Burdening People with Information They Don’t Need

 

 
July 5, 2011 | If people buy from us based on the emotional considerations of confidence, comfort level and trust, why are we so eager to say things that will erode those qualities and our chances of ongoing relationships?

Let’s start with your new hire. The first thing to teach him or her is not to reveal how short a time they’ve been with you.

Someone calls with a question and gets the answer, “I don’t know; I just started working here last week.” Now what in blazes does that do to get the question answered and provide good customer service?

Better answer, “That’s a good question, and I don’t know the answer. If you’ll give me until tomorrow, though, I’ll find out and call you back.”

Undelivered promises like this are so prevalent that, when your new employee does call back on schedule with the answer, he/she gets a “Wow!” What a marketing opportunity! What did this cost in money and time to do what you said you would?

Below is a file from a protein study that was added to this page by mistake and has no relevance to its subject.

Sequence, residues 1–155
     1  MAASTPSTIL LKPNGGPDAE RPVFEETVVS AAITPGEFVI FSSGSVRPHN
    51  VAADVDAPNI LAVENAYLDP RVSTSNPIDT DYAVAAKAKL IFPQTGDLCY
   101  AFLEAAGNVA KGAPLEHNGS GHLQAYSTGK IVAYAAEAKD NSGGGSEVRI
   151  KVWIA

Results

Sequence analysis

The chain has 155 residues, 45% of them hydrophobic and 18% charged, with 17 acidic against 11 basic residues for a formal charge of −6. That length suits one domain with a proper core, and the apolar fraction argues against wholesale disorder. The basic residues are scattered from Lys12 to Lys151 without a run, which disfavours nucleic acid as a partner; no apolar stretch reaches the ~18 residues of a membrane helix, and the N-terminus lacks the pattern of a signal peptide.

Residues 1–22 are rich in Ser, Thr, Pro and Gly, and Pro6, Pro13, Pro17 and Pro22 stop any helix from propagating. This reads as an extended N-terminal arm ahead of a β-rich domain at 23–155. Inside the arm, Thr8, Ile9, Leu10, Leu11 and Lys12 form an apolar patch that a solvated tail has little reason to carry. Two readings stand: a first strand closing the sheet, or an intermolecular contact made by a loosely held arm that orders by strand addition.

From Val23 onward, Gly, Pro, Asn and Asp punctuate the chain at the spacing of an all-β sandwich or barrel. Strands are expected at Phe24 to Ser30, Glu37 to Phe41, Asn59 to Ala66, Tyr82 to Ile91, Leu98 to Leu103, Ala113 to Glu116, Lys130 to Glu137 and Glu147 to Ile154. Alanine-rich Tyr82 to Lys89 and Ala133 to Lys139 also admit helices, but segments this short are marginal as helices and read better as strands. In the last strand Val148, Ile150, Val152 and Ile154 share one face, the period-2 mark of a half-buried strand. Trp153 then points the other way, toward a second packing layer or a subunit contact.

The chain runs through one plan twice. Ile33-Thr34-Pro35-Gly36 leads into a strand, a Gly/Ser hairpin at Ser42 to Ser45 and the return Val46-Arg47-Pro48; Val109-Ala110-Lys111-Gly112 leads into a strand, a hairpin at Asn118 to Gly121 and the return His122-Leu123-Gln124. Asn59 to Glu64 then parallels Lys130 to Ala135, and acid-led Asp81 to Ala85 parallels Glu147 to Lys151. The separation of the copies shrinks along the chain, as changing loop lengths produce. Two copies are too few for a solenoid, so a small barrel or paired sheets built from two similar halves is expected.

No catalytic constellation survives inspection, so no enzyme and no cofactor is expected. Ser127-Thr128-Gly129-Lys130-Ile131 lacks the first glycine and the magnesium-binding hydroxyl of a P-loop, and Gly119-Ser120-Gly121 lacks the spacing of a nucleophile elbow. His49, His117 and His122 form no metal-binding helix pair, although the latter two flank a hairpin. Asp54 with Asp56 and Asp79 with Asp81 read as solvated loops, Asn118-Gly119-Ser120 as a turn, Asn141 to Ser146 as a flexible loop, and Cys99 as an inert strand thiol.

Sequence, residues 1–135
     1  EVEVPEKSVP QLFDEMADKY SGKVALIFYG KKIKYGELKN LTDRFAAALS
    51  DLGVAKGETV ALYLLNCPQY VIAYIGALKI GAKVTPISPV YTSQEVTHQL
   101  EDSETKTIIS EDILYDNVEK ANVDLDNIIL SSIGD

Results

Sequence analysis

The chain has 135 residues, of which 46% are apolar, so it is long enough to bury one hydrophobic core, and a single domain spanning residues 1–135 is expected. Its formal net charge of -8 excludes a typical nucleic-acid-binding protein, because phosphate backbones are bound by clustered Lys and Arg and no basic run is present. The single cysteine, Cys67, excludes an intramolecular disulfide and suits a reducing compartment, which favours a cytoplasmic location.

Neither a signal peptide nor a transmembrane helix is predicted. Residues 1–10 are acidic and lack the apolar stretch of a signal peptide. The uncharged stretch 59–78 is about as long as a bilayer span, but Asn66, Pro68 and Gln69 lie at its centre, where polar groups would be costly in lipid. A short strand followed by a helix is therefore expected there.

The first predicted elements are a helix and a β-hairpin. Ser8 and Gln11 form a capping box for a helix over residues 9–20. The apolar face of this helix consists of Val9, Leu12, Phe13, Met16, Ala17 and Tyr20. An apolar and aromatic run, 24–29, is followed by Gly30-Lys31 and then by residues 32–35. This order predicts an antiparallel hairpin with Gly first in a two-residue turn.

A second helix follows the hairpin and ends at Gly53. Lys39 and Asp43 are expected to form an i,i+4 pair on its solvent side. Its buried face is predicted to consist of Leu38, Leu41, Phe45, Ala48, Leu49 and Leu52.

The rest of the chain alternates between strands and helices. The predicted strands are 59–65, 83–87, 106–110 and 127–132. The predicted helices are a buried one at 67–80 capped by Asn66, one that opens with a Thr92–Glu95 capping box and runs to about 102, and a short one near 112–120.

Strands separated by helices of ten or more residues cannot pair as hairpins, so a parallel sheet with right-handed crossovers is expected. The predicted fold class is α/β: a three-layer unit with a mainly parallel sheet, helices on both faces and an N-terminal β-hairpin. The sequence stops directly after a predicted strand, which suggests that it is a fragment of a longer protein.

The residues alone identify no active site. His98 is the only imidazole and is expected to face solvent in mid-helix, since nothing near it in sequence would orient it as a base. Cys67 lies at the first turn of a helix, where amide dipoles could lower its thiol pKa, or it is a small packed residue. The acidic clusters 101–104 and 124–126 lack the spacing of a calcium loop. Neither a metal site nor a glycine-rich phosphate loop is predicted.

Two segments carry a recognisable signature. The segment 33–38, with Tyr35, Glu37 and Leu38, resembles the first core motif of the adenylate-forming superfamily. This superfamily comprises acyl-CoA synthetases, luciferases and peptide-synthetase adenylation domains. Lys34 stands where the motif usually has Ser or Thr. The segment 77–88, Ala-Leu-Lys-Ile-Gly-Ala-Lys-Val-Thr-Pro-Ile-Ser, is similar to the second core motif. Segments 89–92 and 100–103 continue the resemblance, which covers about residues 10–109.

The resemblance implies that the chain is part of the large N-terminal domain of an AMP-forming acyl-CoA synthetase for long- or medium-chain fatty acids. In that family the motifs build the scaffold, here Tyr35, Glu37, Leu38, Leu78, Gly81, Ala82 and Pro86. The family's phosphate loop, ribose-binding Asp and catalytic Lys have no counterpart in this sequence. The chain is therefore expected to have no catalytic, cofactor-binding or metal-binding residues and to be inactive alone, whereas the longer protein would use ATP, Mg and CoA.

On the rare chance that someone will ask your employee how long he’s been with your company, educate him/her to say, “A while.” A while can be as little as three seconds, but the person asking won’t know that!

For subs: when they’re working for you, they’re working for you. Your company shirt, your business card with their name. For that project, they agree to be representing your company. None of this, “Well, you see, I don’t really work for him; he just brought me in to . . .” Huh-uh. You want to appear as if you have more people whom you train and supervise, not someone you brought in to help out because your staff is bare-boned and you were slammed. Quality control doubts suddenly appear.

Someone once said, “The devil is in the details.” I say, “Marketing is the little things.” Tend to them to create and maintain your best image and impressions in the marketplace.

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